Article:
Machiavelli and Renaissance Italy

By J. R. Hale | Go to book overview

CHAPTER THREE
Four Formative Years: 1500-1503

IF Machiavelli's military ideas were influenced by his Pisan experience in 1498 and 1499, his political ideas were affected even more strongly by his diplomatic experience from 1500 to 1503, when he went to the courts of Louis XII, Cesare Borgia, and Julius II. Of all his life, these were the most formative years.

We have seen that chancery employees were used for minor diplomatic tasks or as subordinates in major ones. As mandatories they were not used to negotiate peace or war or marriage, but to explain, report, act as ambassadorial stop-gaps, and generally fill the blank spaces on a board where the chief pieces moved with magnificent deliberation. Ambassadors proper were wealthy men like Pierfilippo Pandolfini, who had entertained Charles VIII in his villa outside Florence in 1494, or Alessandro Nasi, round whose neck Louis XII himself placed a jewelled collar when the time came for him to leave the French court in 1508. Machiavelli's colleague, Francesco della Casa, was not of this standing, but he was experienced -- he had already been to France on a mission for Piero in 1493 -- and came of a moderately influential family. As Machiavelli's senior in age and experience, he was in charge of the mission, but both men received similar pay.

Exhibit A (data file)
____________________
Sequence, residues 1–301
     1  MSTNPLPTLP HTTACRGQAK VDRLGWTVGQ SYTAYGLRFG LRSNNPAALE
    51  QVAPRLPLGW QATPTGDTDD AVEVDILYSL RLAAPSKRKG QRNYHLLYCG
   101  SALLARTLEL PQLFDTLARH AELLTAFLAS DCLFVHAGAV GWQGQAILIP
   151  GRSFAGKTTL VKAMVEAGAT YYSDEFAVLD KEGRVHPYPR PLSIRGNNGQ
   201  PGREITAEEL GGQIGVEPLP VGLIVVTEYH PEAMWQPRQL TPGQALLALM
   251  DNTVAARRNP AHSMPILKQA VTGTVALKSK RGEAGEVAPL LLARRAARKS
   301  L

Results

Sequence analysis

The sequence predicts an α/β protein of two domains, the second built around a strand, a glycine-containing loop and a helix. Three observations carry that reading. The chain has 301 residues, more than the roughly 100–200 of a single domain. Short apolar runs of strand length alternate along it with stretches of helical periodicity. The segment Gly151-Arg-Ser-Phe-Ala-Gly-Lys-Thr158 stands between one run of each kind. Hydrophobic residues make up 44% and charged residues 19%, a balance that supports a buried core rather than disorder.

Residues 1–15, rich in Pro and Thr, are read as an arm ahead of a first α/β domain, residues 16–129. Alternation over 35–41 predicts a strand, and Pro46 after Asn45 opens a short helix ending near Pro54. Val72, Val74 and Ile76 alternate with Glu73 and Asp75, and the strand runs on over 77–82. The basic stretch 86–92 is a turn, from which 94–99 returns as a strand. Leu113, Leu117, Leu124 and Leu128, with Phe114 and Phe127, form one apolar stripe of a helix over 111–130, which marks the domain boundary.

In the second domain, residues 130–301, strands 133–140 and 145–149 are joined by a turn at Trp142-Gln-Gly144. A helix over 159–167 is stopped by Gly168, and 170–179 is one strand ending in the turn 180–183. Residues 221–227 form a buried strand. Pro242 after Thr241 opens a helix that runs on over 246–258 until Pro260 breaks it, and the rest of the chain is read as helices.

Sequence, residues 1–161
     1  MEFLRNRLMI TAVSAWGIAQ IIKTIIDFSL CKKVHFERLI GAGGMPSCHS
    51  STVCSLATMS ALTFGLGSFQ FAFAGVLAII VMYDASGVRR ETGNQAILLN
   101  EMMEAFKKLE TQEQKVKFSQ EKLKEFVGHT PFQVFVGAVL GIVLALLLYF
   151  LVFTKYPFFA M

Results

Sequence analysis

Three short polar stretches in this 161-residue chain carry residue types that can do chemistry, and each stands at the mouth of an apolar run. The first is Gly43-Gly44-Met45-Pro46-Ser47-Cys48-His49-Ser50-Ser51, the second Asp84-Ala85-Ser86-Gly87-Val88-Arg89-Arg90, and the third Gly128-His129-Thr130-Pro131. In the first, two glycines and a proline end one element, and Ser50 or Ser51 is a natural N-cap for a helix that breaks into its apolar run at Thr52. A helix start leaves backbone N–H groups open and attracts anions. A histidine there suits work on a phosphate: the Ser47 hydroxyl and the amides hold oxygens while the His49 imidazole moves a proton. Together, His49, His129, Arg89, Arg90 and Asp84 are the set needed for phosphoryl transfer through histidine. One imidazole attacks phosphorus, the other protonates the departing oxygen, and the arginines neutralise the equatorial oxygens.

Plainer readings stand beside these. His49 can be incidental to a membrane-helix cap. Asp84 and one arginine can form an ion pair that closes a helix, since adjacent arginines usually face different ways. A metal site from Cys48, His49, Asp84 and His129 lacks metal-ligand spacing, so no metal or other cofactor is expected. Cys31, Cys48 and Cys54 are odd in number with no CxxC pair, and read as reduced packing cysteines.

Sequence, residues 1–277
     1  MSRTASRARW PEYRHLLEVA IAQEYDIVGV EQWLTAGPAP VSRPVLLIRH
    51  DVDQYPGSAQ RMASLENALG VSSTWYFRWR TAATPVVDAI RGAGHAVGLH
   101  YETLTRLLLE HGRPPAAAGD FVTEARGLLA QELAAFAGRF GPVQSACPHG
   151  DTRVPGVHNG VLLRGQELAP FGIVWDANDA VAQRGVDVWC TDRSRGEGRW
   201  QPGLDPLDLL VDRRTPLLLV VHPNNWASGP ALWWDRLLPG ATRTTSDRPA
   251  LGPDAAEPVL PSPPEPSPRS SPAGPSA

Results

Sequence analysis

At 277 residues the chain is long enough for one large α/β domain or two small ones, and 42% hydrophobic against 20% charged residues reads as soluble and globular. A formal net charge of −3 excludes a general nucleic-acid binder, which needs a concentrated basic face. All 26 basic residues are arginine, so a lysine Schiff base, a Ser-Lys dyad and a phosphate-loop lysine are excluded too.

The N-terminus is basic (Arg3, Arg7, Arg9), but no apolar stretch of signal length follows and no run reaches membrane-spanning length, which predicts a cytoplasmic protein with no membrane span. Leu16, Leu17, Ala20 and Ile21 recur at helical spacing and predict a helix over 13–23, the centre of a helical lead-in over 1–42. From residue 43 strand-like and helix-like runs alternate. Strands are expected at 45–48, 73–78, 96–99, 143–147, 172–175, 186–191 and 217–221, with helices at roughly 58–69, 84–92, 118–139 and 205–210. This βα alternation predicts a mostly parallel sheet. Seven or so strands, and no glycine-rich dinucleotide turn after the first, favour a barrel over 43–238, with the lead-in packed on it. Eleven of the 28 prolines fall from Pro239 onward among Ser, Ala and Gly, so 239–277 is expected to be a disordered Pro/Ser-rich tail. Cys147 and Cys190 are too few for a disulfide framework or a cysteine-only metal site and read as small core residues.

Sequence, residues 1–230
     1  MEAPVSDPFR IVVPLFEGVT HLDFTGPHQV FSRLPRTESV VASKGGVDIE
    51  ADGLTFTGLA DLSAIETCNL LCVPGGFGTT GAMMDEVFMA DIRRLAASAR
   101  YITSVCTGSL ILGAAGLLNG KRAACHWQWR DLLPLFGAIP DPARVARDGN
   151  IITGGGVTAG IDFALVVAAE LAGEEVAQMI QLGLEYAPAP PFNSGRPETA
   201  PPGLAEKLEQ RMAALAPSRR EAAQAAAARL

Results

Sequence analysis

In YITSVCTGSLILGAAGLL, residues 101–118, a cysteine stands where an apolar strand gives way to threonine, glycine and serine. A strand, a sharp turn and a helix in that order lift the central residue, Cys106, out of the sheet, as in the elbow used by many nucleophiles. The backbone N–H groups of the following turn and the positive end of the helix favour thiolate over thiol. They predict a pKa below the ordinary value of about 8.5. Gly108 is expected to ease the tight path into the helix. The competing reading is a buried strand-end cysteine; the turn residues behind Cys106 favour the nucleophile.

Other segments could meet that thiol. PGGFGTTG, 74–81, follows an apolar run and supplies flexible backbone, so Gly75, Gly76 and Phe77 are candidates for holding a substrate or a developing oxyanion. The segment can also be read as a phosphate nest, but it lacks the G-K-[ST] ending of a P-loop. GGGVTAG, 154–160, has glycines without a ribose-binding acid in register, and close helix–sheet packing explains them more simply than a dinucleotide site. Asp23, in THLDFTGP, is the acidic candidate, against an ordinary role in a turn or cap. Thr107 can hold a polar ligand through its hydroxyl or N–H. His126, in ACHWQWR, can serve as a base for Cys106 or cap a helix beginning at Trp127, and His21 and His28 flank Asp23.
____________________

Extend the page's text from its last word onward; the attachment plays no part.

In their commission of July 18th 1500, they were

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